During vertebrate brain development, axons are enwrapped by myelin, an insulating membrane produced by oligodendrocytes. Neuron-derived signaling molecules are temporally and spatially required to coordinate oligodendrocyte differentiation. In this study, we show that neurons regulate myelin membrane trafficking in oligodendrocytes. In the absence of neurons, the major myelin membrane protein, the proteolipid protein (PLP), is internalized and stored in late endosomes/lysosomes (LEs/Ls) by a cholesterol-dependent and clathrin-independent endocytosis pathway that requires actin and the RhoA guanosine triphosphatase. Upon maturation, the rate of endocytosis is reduced, and a cAMP-dependent neuronal signal triggers the transport of PLP from LEs/Ls to the plasma membrane. These findings reveal a fundamental and novel role of LEs/Ls in oligodendrocytes: to store and release PLP in a regulated fashion. The release of myelin membrane from LEs/Ls by neuronal signals may represent a mechanism to control myelin membrane growth.
The myelin sheath is a multilamellar, spirally wrapping extension of the plasma membrane of oligodendrocytes that is essential for rapid impulse conduction in the central nervous system. This specialized membrane exhibits a unique composition with >70% of the dry weight consisting of lipids and the remainder being comprised of a restricted set of proteins, of which most are exclusively found in myelin (Baumann and Pham-Dinh, 2001; Kramer et al., 2001). The major central nervous system myelin proteins, the myelin basic protein, and the proteolipid proteins (PLPs/DM20) are low molecular weight proteins found in compact myelin that constitute 80% of the total myelin proteins. PLP is a highly hydrophobic protein with four transmembrane domains that interact with cholesterol and galactosylceramide-enriched membranes during its biosynthetic transport in oligodendrocytes (Weimbs and Stoffel, 1992; Simons et al., 2000; Schneider et al., 2005).
To form the myelin sheath, oligodendrocytes must deliver large amounts of myelin membrane to the axons at the appropriate developmental stage of the oligodendroglial and neuronal cell lineage (Baumann and Pham-Dinh, 2001; Kramer et al., 2001). On the other hand, axons produce signals that regulate the differentiation of oligodendrocytes (Barres and Raff, 1999; Fields and Stevens-Graham, 2002). This led us to postulate that neuronal signals could be involved in the coordination of the trafficking of myelin membrane in oligodendrocytes. In this study, we show that the transport of PLP in oligodendrocytes is under neuronal control. PLP is initially targeted to late endosomes/lysosomes (LEs/Ls) by using a cholesterol-dependent and clathrin-independent endocytosis pathway. PLP is then redistributed from LEs/Ls to the plasma membrane upon activation by neuronal cells. We provide evidence that this development-dependent regulation of PLP localization occurs by the down-regulation of endocytosis and by the stimulation of exocytosis from LE/L storage sites.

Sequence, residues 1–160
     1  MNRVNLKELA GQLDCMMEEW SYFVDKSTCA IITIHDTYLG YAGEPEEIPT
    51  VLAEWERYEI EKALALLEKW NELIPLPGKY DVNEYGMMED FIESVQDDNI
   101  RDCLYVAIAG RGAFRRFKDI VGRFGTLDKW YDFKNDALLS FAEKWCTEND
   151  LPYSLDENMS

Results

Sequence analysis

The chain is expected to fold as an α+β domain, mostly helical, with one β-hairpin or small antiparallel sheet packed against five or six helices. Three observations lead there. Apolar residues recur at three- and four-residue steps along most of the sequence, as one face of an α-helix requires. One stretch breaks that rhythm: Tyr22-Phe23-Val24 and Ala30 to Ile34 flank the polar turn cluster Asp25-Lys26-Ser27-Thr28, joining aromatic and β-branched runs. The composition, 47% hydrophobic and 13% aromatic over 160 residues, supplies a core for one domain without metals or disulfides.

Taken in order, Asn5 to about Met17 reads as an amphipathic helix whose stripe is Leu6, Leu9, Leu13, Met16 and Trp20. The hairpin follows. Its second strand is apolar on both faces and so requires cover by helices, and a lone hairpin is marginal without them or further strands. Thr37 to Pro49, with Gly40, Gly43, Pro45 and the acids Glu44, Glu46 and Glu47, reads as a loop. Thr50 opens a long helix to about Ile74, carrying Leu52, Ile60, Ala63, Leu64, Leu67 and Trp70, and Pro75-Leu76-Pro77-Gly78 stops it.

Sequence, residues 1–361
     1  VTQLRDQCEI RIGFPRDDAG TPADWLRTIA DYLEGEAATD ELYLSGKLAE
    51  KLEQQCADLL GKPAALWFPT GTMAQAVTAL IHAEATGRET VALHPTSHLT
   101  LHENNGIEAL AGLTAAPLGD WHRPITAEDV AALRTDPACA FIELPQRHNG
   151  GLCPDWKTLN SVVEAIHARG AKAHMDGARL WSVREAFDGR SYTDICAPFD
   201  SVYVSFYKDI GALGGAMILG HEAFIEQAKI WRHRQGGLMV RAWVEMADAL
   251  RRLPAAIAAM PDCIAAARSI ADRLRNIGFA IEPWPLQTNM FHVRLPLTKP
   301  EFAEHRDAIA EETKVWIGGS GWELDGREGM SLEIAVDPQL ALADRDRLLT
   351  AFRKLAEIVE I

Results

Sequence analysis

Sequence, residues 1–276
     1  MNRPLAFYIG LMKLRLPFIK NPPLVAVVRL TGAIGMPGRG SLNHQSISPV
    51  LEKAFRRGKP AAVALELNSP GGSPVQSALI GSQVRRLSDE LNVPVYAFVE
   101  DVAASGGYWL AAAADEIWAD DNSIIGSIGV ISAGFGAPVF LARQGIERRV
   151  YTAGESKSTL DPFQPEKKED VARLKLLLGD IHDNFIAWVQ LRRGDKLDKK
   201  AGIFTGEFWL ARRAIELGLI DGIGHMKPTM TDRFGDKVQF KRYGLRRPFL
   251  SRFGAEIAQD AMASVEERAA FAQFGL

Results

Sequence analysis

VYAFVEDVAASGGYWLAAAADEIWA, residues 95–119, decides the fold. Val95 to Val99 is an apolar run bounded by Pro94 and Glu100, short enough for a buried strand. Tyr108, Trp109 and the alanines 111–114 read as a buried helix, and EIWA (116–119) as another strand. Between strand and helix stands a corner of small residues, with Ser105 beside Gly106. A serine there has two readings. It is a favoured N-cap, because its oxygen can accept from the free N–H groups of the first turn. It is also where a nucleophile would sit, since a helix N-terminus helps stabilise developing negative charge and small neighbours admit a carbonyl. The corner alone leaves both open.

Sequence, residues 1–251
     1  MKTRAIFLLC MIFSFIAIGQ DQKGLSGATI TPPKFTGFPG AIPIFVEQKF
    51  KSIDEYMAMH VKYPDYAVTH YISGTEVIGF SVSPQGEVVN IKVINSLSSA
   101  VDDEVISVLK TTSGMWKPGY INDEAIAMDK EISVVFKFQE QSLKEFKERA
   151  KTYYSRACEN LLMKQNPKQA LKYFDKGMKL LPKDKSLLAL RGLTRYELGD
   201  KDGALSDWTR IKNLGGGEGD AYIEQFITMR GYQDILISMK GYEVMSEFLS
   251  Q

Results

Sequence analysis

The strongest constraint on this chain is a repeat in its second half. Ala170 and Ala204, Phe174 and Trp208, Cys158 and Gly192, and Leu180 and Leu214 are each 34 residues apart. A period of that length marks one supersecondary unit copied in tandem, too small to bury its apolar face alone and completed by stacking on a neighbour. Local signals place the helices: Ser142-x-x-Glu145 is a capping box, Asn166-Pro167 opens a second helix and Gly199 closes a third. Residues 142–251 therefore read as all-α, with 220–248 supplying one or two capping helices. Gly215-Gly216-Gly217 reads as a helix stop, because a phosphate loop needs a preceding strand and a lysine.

PLP localizes to LEs/Ls of immature oligodendrocytes
To analyze the localization of PLP in immature oligodendrocytes, oligodendroglial precursor cells growing on top of a layer of astrocytes were shaken off and cultured for 3 d to induce the expression of PLP. By confocal immunofluorescence microscopy, extensive colocalization of PLP and Lamp-1, a marker for LEs/Ls, was observed (Fig. 1 a
) as reported previously (Kramer et al., 2001; Simons et al., 2002). The same striking colocalization of PLP and Lamp-1 was observed in an immortalized oligodendroglial precursor cell line, Oli-neu. Fusion of either a myc tag or EGFP to PLP did not affect the LE/L targeting of PLP (Fig. 1 b). To obtain further support for the localization of PLP to LEs/Ls in immature cells, we used a spontaneously transformed oligodendroglial precursor cell line, OLN-93. When these cells were incubated for 5 h with rhodamine–dextran followed by a 2-h chase or were treated with LysoTracker red DND-99 to stain for LEs/Ls, colocalization with PLP was observed (Fig. 1 b and not depicted). Staining with filipin revealed a partial colocalization of PLP with cholesterol in LEs/Ls (Fig. 1 c). To resolve the ultrastructure of the PLP-containing organelles, we performed immunoelectron microscopy (Fig. 1 d). Both endogenous PLP and PLP-EGFP colocalized with Lamp-1 in vacuolar structures that contained abundant lumenal multilamellar and/or multivesicular membrane arrays.
PLP disappears from LEs/Ls when oligodendrocytes are cocultured with neurons
To determine whether the subcellular localization of PLP is influenced by the presence of neuronal cells, oligodendroglial progenitor cells were added to a neuronal cell culture. Similar to the cultures without neurons, oligodendrocytes started to express PLP during the first 2 d in culture, and an accumulation of PLP in LEs/Ls was observed in ∼90% of the cells after 3 d in culture (Fig. 2 a